democratizing distribution

One of the greatest issues that will face Canada in the next decade will be wealth distribution. While it is currently not a major problem, the disparity between rich and poor will increase. The main reason will be the emergence of a post-job economy. Almost all of our institutions and many of our laws are based on the notion of the job as the normal mode of working life. Schools prepare us for jobs. Politicians campaign on job creation. Labour laws are based on the employer-employee relationship. Amongst those Canadians who had or have a job are the few who also have a drug plan, a missing component from our universal health care system. The haves are becoming outnumbered by the have-nots.

When farm hands left their fields at the turn of the last century, replaced by tractors, they found better paying jobs in the factories clustered around cities. As manufacturing moved offshore or became automated, those who left would find jobs in information processing and the knowledge economy. But as we move into the network era, there is no visible sector that will employ people whose jobs are getting automated by software and robots. These people include lawyers and other white collar workers.

The emerging economy of platform capitalism includes companies like Amazon, Facebook, Google, and Apple. These giants combined do not employ as many people as General Motors did.  But the money accrued by them is enormous and remains in a few hands. The rest of the labour market has to find ways to cobble together a living income. Hence we see many people willing to drive for a company like Uber in order to increase cash-flow. But drivers for Uber have no career track. The platform gets richer, but the drivers are limited by time. They can only drive so many hours per day, and without benefits.

wealth-redistributionThe job was the way we redistributed wealth and protected workers from the negative aspects of capitalism. As the knowledge economy disappears, we need to re-think our concepts of work, income, employment, and most importantly education. If we do not find ways to help citizens lead productive lives, our society will face destabilization. This is a challenge for government, as our institutions are premised on many assumptions that are no longer valid. Changing the worldview of politicians, public servants, and citizens will be a key part of addressing the issue of wealth redistribution. Old mental models will not help us much.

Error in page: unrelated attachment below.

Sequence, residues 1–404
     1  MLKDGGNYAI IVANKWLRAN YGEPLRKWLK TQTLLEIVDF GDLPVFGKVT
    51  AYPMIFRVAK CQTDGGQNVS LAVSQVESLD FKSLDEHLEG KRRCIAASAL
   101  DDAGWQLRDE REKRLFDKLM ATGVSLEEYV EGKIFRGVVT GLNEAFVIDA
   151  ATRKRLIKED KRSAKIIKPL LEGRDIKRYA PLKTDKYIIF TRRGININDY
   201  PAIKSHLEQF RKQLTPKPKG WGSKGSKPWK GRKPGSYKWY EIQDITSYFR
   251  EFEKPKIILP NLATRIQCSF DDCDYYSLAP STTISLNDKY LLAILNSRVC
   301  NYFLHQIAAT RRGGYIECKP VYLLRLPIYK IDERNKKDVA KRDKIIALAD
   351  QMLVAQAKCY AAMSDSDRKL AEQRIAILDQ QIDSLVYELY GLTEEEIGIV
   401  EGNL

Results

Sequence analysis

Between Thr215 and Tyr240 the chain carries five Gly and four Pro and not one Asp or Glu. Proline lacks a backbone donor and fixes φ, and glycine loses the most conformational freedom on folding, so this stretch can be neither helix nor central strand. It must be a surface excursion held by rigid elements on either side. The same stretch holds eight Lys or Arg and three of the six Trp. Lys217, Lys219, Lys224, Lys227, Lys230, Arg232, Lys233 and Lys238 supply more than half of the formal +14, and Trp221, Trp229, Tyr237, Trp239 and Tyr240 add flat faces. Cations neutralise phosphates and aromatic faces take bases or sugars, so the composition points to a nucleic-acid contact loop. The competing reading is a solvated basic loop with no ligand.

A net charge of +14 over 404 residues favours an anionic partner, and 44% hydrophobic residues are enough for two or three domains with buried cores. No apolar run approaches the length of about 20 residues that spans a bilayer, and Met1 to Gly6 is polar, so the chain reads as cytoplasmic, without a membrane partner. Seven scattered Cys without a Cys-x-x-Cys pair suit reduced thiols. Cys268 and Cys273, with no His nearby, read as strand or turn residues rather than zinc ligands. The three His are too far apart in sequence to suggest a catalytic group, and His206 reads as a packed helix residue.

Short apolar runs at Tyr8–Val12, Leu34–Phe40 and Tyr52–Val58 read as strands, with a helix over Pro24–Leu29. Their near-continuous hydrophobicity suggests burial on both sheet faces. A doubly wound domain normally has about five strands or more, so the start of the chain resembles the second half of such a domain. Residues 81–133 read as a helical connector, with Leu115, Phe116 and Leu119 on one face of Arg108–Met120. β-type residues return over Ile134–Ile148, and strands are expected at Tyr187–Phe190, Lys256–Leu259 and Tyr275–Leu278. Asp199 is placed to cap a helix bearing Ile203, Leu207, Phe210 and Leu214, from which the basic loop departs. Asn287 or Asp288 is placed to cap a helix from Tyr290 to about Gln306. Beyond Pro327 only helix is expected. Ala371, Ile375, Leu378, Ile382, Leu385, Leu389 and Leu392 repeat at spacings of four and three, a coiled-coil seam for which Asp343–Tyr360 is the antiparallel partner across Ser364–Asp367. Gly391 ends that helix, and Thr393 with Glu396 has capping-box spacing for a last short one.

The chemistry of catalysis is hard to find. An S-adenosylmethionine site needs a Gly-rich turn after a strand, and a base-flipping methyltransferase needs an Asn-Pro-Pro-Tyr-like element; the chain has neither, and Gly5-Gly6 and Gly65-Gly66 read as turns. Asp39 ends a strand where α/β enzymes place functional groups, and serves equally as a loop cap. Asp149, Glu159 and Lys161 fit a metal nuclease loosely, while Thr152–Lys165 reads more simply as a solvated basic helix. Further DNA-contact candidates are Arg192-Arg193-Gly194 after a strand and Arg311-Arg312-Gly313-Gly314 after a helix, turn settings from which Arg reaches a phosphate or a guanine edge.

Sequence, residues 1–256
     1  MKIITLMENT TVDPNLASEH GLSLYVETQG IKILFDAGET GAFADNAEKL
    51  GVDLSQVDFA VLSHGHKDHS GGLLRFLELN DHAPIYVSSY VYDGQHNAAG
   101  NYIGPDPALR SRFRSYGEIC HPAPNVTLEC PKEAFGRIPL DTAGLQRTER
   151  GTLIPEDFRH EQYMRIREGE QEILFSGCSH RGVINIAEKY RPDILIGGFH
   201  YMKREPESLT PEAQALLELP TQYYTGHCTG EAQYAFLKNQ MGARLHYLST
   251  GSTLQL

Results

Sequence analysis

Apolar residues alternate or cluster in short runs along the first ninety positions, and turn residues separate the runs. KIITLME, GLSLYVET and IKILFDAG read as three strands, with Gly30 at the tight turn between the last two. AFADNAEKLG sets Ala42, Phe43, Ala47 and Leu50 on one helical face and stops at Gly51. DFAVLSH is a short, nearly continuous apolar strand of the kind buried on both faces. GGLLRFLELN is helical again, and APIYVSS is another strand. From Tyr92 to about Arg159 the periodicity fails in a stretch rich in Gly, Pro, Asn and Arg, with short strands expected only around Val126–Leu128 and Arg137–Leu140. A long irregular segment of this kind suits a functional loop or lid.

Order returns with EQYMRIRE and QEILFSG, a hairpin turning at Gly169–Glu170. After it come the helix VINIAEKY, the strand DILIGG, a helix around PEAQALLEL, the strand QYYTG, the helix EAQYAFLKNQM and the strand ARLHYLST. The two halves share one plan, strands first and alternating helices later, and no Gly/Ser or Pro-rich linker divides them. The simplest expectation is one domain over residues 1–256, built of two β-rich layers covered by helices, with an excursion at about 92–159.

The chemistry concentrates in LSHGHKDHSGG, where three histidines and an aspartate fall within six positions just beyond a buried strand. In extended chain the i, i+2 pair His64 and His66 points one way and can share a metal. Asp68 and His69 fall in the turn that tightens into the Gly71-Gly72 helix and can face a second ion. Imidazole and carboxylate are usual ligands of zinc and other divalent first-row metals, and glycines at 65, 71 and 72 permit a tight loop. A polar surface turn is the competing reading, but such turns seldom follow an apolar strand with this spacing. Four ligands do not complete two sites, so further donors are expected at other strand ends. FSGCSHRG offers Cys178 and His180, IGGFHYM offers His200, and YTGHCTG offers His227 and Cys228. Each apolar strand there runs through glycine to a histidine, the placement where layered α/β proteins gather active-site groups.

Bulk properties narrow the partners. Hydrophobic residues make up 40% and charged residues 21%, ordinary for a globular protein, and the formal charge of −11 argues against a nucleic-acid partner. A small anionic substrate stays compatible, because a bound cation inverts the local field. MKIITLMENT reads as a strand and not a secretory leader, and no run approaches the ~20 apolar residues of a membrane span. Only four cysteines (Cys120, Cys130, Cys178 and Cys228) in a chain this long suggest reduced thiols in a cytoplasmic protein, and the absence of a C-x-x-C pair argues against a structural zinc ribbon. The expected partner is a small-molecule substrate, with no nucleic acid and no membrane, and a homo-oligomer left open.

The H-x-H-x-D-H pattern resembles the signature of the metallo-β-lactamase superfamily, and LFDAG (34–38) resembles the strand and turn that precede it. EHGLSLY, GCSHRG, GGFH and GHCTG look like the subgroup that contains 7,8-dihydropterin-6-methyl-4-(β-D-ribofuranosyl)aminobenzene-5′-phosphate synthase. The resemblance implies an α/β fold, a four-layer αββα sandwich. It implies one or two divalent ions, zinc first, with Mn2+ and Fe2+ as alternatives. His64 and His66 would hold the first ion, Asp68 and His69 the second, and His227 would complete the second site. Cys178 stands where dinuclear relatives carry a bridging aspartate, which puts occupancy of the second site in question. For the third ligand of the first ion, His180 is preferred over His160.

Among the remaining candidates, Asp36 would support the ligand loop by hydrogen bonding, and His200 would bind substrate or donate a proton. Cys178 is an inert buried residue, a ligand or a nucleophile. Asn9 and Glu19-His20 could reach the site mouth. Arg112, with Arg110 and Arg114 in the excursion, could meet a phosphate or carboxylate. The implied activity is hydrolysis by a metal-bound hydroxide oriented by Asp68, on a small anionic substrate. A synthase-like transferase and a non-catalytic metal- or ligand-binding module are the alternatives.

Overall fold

3 Responses to “democratizing distribution”

  1. tyelmene

    From my observations of emergent trends, everything about this post is exactly spot-on, except every word should have been capitalized and set in a bold red font! The coming societal disruption represents the greatest challenge of this decade. Yes, this work-to-meet-societal needs exchange will be fundamentally disrupted in this decade and the fallout from the disconnect it causes will be at least as bad as what’s infered here. But as in most things, the impending disaster is at least as much a fantastic opportunity. If we can decouple work from the sharing of surplus value created by automation, the citeznery will enjoy more from less direct toil. Thank you Harold for a very valuable warning!

  2. Kumara S Raghavendra

    Being in Bangalore, which is India’s equivalent of the Silicon Valley, I see a lot of startups emerging, creating value for customers and investors. But a good majority of the job opportunities at these companies are very comparable to driving for Uber, with little to no skill addition and no clear long term career prospects. And yet, a lot of people are willingly taking up these jobs.


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